Genevieve wasn’t completely hardhearted. She’d meant everything she said to Casey during the weekend they’d spent together before graduation. But then she met Caspian when she moved back to Athens, and things changed. That’s just how things went; after all, she’d liked guys before who didn’t like her back and it hadn’t ruined her life, so she wasn’t going to insult Casey by pitying him or beat herself up for changing her mind, even if it was awkward that he’d actually gone through with moving to Georgia. Anyway, there was always the possibility that they’d still get together later. She was really into Caspian, but she knew that wasn’t anything long-term. In any case, Casey was cool and good-looking; he wouldn’t have a problem fending for himself for a while in Athens. He probably had girls after him already. He had at Northwestern, too, and even though he’d acted so modest and self-effacing all the time, she knew he knew.
Still, ditching him at Jake’s party had been a crappy thing to do, and it was weighing on her mind the next morning when she left Caspian’s house on Boulevard and began the walk back to Dearing Street, where her parents lived. It was a crisp autumn morning, and she could hear the tailgaters and smell the barbecue smoke that wafted from their portable grills. She’d never been much into sports, but the roar of the downtown crowds and the sound of the pre-game shows floating from open windows reminded her of her childhood growing up in Athens. She felt old and somewhat decrepit behind her sunglasses as she approached Broad Street and confronted the red and black sea. In two weeks she wouldn’t be twenty-two anymore.
She wished she hadn’t drunk so much the night before.
Photo Credit: Kelly Hart
Go Dawgs! a group of frat guys in red pants bellowed at her as she passed. A couple of them snickered, and she was sure she heard the words “mom jeans” and “hipster.” She rolled her eyes.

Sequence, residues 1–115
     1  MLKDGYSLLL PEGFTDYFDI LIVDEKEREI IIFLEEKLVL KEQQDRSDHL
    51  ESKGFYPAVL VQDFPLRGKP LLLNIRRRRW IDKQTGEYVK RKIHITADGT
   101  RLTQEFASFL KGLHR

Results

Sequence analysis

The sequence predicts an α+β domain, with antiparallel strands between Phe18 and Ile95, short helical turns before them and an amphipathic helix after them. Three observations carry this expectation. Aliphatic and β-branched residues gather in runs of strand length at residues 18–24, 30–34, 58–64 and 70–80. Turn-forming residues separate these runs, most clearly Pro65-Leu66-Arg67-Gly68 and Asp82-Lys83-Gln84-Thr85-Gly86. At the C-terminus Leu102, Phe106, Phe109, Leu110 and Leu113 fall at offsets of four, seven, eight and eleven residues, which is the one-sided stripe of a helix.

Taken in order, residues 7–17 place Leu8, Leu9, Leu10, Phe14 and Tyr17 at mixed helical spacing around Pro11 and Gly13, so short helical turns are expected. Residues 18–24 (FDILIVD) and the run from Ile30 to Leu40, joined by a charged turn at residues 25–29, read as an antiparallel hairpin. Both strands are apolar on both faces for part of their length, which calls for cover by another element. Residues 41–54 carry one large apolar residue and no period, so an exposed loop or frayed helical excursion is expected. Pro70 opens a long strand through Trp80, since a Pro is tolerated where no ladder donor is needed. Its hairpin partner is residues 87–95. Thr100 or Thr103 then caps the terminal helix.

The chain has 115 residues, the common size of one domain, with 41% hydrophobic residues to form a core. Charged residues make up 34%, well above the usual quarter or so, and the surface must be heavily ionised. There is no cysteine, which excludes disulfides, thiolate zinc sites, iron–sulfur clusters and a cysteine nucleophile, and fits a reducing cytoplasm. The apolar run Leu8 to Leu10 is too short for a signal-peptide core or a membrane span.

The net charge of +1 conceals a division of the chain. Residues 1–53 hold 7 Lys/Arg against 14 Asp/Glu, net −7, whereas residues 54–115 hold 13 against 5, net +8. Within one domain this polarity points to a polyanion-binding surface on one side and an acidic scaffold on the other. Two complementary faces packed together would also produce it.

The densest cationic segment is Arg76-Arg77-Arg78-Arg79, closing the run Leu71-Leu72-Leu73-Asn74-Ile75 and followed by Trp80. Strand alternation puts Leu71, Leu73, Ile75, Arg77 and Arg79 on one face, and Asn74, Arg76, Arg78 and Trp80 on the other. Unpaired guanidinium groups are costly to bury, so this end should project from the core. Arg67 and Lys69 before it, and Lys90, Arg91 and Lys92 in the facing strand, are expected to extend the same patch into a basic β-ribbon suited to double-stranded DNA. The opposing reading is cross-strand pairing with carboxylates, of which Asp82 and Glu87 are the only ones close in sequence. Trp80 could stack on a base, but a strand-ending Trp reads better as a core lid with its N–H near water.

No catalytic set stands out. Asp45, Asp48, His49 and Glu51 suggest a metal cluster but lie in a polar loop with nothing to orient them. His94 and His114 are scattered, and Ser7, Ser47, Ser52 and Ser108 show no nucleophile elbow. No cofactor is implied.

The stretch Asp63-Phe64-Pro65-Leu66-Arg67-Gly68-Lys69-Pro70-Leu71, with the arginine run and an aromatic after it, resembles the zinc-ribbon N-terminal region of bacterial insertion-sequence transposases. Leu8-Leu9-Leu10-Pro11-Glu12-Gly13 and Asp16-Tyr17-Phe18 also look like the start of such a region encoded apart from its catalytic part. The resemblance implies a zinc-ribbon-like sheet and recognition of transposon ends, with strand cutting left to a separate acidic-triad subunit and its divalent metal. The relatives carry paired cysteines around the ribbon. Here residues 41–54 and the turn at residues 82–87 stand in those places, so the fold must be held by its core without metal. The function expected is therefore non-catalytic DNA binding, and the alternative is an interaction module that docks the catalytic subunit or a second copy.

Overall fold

The summer had been rough. As much as she’d missed Athens, she hadn’t fully appreciated what it would mean to live with her parents again, which she was doing while she waited tables and saved up to get an apartment with her friend Amanda. It was like being seventeen again; on her first night home, she’d been greeted by a looming stack of GRE prep books and guides to getting into grad school. And she and her parents were fighting again.
Her parents, Susan Cheng and David Farrell, were both professors, Susan in computer science and David in Classics, and they couldn’t fathom that their only offspring wouldn’t want to get a PhD herself, though Genevieve had never been the most academic person. Her grades had actually gone way up in college after she was finally diagnosed with ADD, which her parents wouldn’t let the school test her for when she was growing up. But that didn’t mean she was interested in four to six more years of school, let alone in becoming a teacher herself.